(Host) At this hour, the Vermont House is debating a health care reform bill that aims to extend coverage to 20,000 people.
Critics argued that the bill does not have a sustainable source of funds.
They tried unsuccessfully to derail a proposed cigarette tax that would pay for part of the program.
VPR’s John Dillon reports:
(Dillon) The backers of the health care bill call it a good first step. They say it will begin to control rising costs by focusing on people with chronic diseases, and by making coverage available to more people who don’t have insurance.
Representative Harry Chen is a Democrat who works as an emergency room physician. He says the bill should save an estimated $550 million dollars over the next 10 years.
(Chen When asthmatic or diabetic patients don’t get their medications or regular checkups and end up in my emergency room, it costs the system much, much more than if they followed their recommended treatment regiments. If a patient doesn’t have insurance and can’t pay, we all bear the cost in higher hospital rates and premiums.
(Dillon) The legislation would be paid for through an increase in the cigarette tax, Medicaid dollars, and funds from a tobacco settlement.
House Republicans argued that the funding sources don’t raise enough money. Representative Patricia O’Donnell is a Republican from Vernon. She reminded lawmakers that the state has been forced to cut Medicaid benefits because it doesn’t have enough money. O’Donnell said it doesn’t make sense to fund health care through a tax on cigarettes.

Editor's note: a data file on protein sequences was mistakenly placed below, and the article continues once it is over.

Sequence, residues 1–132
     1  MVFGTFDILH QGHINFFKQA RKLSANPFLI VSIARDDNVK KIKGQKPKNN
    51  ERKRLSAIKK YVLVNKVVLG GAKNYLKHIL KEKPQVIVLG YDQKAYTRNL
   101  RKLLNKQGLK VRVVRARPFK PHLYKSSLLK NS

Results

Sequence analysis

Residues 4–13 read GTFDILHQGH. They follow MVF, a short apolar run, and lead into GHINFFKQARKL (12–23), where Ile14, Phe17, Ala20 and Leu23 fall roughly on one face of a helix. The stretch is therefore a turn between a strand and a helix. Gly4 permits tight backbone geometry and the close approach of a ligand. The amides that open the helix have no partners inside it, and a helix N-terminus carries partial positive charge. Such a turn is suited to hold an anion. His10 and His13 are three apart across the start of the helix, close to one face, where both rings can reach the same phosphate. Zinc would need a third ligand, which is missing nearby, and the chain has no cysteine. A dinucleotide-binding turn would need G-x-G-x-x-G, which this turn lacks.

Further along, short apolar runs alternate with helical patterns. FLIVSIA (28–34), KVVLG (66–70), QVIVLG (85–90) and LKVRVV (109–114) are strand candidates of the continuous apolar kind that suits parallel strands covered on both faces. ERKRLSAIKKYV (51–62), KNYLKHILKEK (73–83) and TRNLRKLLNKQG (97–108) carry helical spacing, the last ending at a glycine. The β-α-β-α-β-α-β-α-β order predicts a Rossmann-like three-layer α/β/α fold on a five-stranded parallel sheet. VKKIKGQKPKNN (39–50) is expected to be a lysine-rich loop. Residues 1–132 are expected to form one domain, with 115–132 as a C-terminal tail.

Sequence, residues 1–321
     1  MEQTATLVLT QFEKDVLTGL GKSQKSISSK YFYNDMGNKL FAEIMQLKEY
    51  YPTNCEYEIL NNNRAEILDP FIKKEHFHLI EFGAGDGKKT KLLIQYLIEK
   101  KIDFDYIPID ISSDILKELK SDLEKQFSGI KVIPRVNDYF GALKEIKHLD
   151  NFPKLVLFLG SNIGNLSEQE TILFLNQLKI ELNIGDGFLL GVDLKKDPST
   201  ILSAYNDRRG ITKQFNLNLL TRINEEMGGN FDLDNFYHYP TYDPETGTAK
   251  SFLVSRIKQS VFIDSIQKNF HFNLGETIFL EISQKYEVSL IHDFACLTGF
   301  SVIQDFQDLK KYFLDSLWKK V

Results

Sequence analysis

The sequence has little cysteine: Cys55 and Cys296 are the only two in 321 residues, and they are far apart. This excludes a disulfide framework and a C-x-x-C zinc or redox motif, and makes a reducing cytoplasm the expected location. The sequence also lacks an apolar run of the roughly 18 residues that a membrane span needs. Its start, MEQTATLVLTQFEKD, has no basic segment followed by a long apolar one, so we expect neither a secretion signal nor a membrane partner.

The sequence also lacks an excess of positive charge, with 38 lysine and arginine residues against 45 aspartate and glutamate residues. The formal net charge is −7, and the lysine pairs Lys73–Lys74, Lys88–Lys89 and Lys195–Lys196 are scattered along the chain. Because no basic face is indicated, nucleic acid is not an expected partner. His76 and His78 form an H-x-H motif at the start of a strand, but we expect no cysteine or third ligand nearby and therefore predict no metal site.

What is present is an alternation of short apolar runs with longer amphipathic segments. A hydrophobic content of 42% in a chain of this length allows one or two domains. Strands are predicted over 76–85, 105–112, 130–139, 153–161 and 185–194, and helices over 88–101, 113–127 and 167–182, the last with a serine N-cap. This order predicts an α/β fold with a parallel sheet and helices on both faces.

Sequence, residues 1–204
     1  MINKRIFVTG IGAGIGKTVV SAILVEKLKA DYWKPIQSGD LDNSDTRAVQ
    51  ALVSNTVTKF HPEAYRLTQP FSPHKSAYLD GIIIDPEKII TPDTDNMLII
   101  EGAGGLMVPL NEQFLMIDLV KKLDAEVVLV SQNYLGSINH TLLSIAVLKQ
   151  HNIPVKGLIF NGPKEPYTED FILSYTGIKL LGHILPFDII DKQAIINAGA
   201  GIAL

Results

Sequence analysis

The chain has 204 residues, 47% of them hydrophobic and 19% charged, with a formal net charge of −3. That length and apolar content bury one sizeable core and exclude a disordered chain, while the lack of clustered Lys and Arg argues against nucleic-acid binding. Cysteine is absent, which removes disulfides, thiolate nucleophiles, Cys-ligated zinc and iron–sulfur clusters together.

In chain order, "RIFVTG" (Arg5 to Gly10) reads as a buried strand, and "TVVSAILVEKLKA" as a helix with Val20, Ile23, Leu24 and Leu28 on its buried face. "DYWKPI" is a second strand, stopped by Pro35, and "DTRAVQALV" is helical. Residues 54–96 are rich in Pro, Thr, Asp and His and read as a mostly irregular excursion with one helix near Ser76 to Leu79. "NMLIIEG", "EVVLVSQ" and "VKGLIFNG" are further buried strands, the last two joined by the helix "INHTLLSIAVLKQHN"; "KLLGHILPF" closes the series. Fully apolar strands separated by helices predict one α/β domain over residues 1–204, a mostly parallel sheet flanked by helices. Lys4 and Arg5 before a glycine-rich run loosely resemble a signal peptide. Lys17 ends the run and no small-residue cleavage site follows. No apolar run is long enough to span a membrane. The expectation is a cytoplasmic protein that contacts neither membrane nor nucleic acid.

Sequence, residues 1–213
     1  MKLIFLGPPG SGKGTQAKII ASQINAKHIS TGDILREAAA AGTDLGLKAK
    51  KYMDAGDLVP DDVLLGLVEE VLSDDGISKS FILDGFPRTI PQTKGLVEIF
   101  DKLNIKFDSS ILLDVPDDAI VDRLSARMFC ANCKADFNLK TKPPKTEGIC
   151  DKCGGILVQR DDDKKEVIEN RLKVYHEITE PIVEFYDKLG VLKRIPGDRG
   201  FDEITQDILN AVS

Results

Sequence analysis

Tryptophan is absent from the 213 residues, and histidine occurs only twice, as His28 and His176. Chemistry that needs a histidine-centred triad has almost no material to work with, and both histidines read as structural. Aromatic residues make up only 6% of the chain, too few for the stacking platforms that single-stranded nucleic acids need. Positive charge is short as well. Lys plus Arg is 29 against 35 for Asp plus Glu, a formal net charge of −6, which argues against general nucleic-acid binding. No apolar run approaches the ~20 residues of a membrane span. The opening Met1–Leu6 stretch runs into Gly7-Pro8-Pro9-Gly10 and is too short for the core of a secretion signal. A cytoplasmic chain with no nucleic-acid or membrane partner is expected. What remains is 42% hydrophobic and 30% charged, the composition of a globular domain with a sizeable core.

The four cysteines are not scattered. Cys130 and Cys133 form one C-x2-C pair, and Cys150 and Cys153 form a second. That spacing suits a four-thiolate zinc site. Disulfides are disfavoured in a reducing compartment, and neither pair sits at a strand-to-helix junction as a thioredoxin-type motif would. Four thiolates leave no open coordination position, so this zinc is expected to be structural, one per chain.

(O’Donnell) Every time we raise the cigarette tax, there is a percentage of people who quit smoking. That’s great. I support that. But then we raise it. And every time we’ve raised it’s because we need money for a Medicaid program. So do we want people to quit smoking or don’t we want them to quit smoking? I say we need them to smoke, because what are we going to do about Medicaid if they quit smoking? Pretty hypocritical of us.
(Dillon) The House voted mainly along party lines to approve the funding plan, including the new cigarette tax of 60 cents per pack.
The legislation does not provide health care coverage to all the 60,000 uninsured in Vermont. It would cover about 20,000 people initially.
Representative Daryl Pillsbury, an Independent from Brattleboro, says it’s time the Legislature acted on health care.
(Pillsbury) “I’m going to be supporting this bill. I support the committee’s hard work. And I support the compromise that this bill is doing here. ‘Cause that’s what we’re doing here. Let’s not forget we already passed a bill by a majority vote in this House that my constituents, the people I represent in Brattleboro were a lot more happy about that than this right here.”
(Dillon) Governor Douglas vetoed the health care bill last year. The governor doesn’t like this scaled-down House bill either. He’s opposed to the cigarette tax, and wants to use the tobacco settlement funds to pay for a new college scholarship program.
For Vermont Public Radio, I’m John Dillon in Montpelier.